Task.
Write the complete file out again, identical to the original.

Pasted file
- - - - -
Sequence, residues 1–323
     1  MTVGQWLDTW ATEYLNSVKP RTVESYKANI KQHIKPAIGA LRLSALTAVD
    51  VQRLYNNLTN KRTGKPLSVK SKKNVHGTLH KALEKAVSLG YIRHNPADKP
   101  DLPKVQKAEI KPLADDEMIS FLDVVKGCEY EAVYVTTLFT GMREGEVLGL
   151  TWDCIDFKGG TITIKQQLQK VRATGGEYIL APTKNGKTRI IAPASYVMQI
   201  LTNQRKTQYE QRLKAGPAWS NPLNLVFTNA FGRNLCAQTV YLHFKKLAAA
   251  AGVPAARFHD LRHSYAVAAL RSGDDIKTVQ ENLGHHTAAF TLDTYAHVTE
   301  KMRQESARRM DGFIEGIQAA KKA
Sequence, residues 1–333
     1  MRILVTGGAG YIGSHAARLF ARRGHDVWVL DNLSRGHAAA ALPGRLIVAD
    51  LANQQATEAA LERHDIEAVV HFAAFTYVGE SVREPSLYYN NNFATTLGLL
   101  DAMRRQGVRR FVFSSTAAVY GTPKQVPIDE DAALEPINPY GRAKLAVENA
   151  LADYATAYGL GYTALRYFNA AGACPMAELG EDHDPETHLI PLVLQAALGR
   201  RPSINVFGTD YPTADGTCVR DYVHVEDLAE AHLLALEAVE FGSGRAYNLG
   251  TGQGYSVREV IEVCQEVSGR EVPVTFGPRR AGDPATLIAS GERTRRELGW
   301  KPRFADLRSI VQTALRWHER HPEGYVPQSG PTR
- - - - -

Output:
Sequence, residues 1–323
     1  MTVGQWLDTW ATEYLNSVKP RTVESYKANI KQHIKPAIGA LRLSALTAVD
    51  VQRLYNNLTN KRTGKPLSVK SKKNVHGTLH KALEKAVSLG YIRHNPADKP
   101  DLPKVQKAEI KPLADDEMIS FLDVVKGCEY EAVYVTTLFT GMREGEVLGL
   151  TWDCIDFKGG TITIKQQLQK VRATGGEYIL APTKNGKTRI IAPASYVMQI
   201  LTNQRKTQYE QRLKAGPAWS NPLNLVFTNA FGRNLCAQTV YLHFKKLAAA
   251  AGVPAARFHD LRHSYAVAAL RSGDDIKTVQ ENLGHHTAAF TLDTYAHVTE
   301  KMRQESARRM DGFIEGIQAA KKA
Sequence, residues 1–333
     1  MRILVTGGAG YIGSHAARLF ARRGHDVWVL DNLSRGHAAA ALPGRLIVAD
    51  LANQQATEAA LERHDIEAVV HFAAFTYVGE SVREPSLYYN NNFATTLGLL
   101  DAMRRQGVRR FVFSSTAAVY GTPKQVPIDE DAALEPINPY GRAKLAVENA
   151  LADYATAYGL GYTALRYFNA AGACPMAELG EDHDPETHLI PLVLQAALGR
   201  RPSINVFGTD YPTADGTCVR DYVHVEDLAE AHLLALEAVE FGSGRAYNLG
   251  TGQGYSVREV IEVCQEVSGR EVPVTFGPRR AGDPATLIAS GERTRRELGW
   301  KPRFADLRSI VQTALRWHER HPEGYVPQSG PTR